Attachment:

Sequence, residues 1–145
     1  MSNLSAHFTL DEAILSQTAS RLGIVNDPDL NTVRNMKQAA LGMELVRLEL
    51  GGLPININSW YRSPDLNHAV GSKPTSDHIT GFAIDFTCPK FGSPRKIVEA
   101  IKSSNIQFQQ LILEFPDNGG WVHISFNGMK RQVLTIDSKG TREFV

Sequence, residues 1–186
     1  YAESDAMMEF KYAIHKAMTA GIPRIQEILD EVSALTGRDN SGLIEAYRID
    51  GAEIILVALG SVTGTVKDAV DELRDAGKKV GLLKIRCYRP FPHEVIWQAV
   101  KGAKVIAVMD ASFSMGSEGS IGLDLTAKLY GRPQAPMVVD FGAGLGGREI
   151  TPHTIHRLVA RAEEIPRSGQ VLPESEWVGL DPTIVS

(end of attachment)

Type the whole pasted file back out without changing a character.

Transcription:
Sequence, residues 1–145
     1  MSNLSAHFTL DEAILSQTAS RLGIVNDPDL NTVRNMKQAA LGMELVRLEL
    51  GGLPININSW YRSPDLNHAV GSKPTSDHIT GFAIDFTCPK FGSPRKIVEA
   101  IKSSNIQFQQ LILEFPDNGG WVHISFNGMK RQVLTIDSKG TREFV

Sequence, residues 1–186
     1  YAESDAMMEF KYAIHKAMTA GIPRIQEILD EVSALTGRDN SGLIEAYRID
    51  GAEIILVALG SVTGTVKDAV DELRDAGKKV GLLKIRCYRP FPHEVIWQAV
   101  KGAKVIAVMD ASFSMGSEGS IGLDLTAKLY GRPQAPMVVD FGAGLGGREI
   151  TPHTIHRLVA RAEEIPRSGQ VLPESEWVGL DPTIVS